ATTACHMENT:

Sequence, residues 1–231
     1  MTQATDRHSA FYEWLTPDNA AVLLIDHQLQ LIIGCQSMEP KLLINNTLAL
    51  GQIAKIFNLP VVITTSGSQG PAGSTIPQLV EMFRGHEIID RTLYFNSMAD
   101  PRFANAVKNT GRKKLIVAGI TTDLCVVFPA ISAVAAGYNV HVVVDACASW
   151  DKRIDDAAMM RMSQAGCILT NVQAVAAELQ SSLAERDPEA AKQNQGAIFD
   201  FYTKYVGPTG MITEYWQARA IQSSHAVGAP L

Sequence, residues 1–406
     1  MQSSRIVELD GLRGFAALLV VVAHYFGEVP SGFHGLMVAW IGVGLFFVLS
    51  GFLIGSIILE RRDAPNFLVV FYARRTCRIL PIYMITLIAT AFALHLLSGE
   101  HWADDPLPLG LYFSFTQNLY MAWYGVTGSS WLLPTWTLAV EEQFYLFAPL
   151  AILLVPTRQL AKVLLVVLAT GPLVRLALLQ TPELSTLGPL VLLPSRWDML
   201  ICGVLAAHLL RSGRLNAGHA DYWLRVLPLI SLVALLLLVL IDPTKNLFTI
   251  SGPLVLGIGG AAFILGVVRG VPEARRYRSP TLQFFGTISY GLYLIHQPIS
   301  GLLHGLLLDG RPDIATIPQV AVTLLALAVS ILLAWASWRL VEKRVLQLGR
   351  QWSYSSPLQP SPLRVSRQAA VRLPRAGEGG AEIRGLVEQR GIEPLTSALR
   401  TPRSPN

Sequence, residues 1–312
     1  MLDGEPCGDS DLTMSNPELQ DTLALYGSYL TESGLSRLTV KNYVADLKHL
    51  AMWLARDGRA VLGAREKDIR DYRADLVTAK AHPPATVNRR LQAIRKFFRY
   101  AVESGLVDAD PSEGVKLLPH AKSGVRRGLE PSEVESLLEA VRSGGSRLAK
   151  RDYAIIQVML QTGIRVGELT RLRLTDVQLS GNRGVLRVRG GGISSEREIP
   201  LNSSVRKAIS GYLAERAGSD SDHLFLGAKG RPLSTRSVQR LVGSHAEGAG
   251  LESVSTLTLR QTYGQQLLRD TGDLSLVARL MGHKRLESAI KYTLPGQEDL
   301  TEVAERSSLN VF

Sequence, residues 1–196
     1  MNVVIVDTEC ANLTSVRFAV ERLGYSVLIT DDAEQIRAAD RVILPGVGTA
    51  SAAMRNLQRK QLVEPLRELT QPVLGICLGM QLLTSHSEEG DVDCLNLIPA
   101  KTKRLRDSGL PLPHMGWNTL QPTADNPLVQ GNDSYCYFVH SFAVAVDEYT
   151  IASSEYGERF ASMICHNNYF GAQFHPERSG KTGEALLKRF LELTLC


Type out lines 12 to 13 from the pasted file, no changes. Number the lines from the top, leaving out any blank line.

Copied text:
   201  ICGVLAAHLL RSGRLNAGHA DYWLRVLPLI SLVALLLLVL IDPTKNLFTI
   251  SGPLVLGIGG AAFILGVVRG VPEARRYRSP TLQFFGTISY GLYLIHQPIS